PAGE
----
There are many factors that have dealt a blow to the traditional cigarette industry. The rise of health awareness, organic foods, nutritional fads, exercise, and the general shift to a healthier lifestyle has made many people quit smoking. At the same time, millions of people have found an alternate way to satisfy their daily nicotine addiction through e-cigarettes. As traditional cigarettes lose their appeal, companies like Juul and Suorin have provided the market with what are perceived as healthier alternatives.

Photo Source: GS Lawny


The chart above depicts the increase in percentage of high school students who use e-cigarettes. This increasing trend is also shared by adults, although many adults also use tobacco products simultaneously. The charts below depict the increase in the use of e-cigarettes over normal cigarettes:

Photo Source: Annual Reviews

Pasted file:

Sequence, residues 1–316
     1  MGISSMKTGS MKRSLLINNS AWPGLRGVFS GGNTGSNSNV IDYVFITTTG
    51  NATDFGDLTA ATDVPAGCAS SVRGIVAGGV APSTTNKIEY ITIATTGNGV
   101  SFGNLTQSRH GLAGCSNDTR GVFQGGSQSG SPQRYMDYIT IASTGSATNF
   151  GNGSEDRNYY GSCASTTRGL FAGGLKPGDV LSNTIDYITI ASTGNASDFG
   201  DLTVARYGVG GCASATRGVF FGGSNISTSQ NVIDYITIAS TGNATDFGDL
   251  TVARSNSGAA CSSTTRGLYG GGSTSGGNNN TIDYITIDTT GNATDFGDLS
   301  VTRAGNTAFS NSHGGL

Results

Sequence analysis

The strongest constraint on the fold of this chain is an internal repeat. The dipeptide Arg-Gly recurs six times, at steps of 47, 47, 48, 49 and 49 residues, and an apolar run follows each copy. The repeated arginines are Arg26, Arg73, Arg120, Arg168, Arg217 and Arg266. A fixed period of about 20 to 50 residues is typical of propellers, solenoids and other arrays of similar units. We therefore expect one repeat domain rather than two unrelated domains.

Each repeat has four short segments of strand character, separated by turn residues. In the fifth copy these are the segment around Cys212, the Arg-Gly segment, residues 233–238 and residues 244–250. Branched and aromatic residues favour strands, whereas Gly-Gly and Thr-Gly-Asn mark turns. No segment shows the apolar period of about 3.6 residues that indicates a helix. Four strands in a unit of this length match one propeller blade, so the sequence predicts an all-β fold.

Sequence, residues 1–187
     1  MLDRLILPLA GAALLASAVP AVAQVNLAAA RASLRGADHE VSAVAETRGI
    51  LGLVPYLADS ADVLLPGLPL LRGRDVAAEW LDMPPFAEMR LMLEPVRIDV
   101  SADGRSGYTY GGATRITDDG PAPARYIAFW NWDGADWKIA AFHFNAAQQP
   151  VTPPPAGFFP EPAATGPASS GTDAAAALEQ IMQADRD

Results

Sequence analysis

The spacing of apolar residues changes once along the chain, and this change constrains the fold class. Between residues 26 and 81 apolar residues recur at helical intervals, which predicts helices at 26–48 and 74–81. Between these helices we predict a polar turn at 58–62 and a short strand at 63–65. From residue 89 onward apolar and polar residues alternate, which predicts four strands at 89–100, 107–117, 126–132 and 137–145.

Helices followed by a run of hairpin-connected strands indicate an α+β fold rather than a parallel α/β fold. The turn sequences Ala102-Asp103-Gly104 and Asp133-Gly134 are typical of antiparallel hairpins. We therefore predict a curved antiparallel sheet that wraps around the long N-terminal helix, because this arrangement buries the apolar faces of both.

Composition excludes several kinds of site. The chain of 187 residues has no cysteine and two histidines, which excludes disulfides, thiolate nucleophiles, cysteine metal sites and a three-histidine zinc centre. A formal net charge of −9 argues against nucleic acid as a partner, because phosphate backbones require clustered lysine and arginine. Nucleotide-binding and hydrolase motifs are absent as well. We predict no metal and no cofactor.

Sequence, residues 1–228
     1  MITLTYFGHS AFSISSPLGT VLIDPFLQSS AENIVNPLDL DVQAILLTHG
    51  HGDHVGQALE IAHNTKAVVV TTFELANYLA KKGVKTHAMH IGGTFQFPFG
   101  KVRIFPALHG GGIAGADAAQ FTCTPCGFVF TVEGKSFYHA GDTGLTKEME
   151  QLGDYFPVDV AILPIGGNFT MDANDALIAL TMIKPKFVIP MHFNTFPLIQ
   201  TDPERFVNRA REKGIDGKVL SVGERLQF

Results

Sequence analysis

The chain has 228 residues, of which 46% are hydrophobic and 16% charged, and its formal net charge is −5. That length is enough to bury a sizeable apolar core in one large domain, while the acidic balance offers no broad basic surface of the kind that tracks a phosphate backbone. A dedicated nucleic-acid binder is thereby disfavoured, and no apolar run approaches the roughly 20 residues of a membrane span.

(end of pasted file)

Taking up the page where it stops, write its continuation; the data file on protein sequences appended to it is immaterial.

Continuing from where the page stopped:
The main cause behind the shift from traditional to e-cigarettes has been people’s attitudes towards e-cigarettes and the difference in regulation between normal tobacco products and alternative electronic products. In the U.S., e-cigarettes are not subject to the same marketing laws and regulations as normal cigarettes. Consequently, companies like Juul spend huge sums on marketing (Juul has planned a $10 million marketing campaign for 2019) and have created a brand image. They portray themselves as less harmful than traditional combustible cigarettes because of the absence of carcinogenic elements. Moreover, the sleek design and the act of ‘Juuling’ has integrated itself into the lives of young adults. Using a Juul is cool, sociable and hip. The market size of e-cigarettes in the U.S. by revenue is about $3 billion and has a much higher growth rate than the traditional cigarette industry ever had.